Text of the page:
Film and TV

Community: "Custody Law and Eastern European Diplomacy"

For all its wacky trimmings -- Ken Jeong as Ward Cleaver, kidnapped kids, the mere presence of Malcolm-Jamal Warner -- last night's Community was all about how growing up usually means giving someone a second chance. It's not that the episode was overly sentimental or cheesy, merely that it made an emotional argument couched in quality jokes and strong character moments. Basically, it was a solid line-drive of an episode. It won't rank among the show's best, but that's only because the show's best are pretty stellar. "Custody Law and Eastern European Diplomacy" was funny, smart, and economical. It also had the good timing to come on the heels of the news that Community has been renewed for another year (along with a few other NBC comedies), which meant I was able to watch it not as one of the series' final parting shots but as an example of how solid this ensemble can be, and how I'll have the chance to enjoy them for another year.

Annie was only around to throw Shirley a shower, but she wasn't really in the episode at all, and neither was Pierce. Sometimes there's just too much to do, so certain characters get sidelined. The dual plots broke down around crises of integration, as members of the study group struggled to get along with outsiders. On one hand, it was great to see Chang try so hard to figure out how to be a good dad, and to get it so wildly wrong. You knew Shirley would eventually see her way to forgiving him, thanks in part to Andre's Cosby-like reminders of tolerance and kindness; it was just a matter of letting the guy run his course.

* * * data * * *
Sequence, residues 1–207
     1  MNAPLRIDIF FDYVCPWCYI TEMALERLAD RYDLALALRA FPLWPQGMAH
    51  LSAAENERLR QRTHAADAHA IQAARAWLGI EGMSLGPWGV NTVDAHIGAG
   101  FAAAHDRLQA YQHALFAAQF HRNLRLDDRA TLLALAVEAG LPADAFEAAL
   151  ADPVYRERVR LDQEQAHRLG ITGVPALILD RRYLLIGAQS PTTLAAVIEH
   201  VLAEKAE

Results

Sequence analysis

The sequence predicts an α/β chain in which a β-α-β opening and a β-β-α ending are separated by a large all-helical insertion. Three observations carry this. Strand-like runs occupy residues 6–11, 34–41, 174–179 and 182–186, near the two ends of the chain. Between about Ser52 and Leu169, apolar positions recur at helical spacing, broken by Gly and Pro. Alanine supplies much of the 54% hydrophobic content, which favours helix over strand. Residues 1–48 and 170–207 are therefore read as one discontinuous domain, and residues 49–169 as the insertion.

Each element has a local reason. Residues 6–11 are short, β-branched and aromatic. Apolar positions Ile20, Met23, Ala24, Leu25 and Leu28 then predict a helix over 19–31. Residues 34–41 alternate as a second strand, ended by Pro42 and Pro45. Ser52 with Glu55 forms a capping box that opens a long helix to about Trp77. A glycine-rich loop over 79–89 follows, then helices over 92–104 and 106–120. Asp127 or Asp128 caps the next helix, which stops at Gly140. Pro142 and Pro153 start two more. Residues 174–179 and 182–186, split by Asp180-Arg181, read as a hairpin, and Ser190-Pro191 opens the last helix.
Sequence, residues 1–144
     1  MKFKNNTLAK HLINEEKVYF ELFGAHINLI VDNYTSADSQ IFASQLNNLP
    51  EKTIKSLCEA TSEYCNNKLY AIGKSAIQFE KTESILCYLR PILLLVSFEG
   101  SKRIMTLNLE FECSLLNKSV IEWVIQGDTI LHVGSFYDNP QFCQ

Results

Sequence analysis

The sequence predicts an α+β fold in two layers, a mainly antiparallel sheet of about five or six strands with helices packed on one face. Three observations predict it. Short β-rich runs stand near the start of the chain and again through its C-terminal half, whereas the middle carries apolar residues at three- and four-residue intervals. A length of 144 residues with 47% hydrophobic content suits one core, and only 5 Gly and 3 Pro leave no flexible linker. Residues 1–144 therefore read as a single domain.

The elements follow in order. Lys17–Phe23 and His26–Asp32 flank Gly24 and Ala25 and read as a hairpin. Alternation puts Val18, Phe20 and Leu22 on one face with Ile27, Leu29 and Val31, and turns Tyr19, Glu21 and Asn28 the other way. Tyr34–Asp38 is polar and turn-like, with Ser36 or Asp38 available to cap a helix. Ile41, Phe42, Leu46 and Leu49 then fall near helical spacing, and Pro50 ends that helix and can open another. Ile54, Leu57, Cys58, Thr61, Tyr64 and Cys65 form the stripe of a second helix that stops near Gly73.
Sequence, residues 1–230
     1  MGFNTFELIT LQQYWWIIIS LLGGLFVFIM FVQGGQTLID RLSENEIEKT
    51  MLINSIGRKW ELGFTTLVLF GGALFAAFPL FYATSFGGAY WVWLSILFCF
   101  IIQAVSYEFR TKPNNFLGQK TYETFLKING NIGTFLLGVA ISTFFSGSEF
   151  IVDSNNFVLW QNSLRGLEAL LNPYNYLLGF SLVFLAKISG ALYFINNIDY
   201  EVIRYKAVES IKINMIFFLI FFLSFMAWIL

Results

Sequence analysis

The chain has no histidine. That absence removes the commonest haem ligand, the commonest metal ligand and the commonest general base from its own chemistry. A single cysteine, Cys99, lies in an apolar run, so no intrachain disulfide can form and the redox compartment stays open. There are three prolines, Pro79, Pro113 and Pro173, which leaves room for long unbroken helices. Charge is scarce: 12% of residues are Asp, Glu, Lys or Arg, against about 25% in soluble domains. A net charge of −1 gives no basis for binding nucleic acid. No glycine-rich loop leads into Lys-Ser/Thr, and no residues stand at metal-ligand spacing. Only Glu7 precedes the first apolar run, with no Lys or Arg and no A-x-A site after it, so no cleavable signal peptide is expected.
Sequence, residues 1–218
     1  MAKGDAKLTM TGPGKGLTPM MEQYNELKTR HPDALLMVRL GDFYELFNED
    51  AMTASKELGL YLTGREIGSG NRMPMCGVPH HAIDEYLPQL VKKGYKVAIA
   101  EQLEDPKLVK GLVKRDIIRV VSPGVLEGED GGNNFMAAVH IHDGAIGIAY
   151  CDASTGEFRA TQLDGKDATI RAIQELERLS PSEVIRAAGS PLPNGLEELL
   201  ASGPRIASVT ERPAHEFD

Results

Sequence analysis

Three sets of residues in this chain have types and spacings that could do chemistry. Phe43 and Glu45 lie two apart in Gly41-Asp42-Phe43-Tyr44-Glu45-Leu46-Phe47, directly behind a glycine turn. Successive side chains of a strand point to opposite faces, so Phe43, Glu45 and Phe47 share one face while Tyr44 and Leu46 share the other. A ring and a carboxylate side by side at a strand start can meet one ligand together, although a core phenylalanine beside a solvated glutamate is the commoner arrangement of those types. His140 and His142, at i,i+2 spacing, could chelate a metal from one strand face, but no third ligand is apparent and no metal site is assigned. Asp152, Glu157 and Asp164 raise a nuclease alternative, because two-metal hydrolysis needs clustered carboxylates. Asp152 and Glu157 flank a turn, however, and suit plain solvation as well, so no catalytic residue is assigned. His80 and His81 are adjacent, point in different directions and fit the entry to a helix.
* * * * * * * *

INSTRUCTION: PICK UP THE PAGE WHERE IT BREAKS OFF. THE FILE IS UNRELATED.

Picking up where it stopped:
On the other, we got some nice interplay between Abed, Troy, and Britta. Britta's usually the downer of the group, and her calls for peace and global thinking are always hilariously shouted down by people tired of her preaching. It was a nice twist to see her become the girl who cried wolf, and whose claims about Luca's warrior past were met with scorn from Troy and Abed, who just wanted a guy who could play video games with them. It was a nice, focused version of the broader dynamic, and they all played it well. The guys are total nerds but selective about their friends, while Britta acts cool but desperately wants to fit in. So just as Chang had to work his way back into Shirley's graces, so did the guys have to find a way to accept Britta for being a spoilery screw-up. A tight, fun 22 minutes.

Scattered thoughts:

• "Girls are so un-desensitized."

• "I'm nuts, Jeff! Get with the program!" We all know Chang's crazy, so Chang might as well admit it.

• "It's for an extremely thorough documentary I'm making on my life. It's mostly footage of me watching dailies, but every once in a while, it comes in handy." What a perfect Abed conceit. Also a nice touch to have him say "dailies." Community is never afraid to go nerdy and niche to land a joke.

• Loved the brief shout-out to last year's "Modern Warfare" with Abed showing Britta the sweatshirt he made to celebrate the game that read "It's all downhill from here." Obviously it hasn't all been downhill for the show since then, but creator Dan Harmon and the rest of the team know how much that episode means to fans, and they're able to joke about the expectations put on the show after that point. It's going to be interesting to see what happens when the paintball game returns in this year's season finale.

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Daniel Carlson
Contact: Daniel Carlson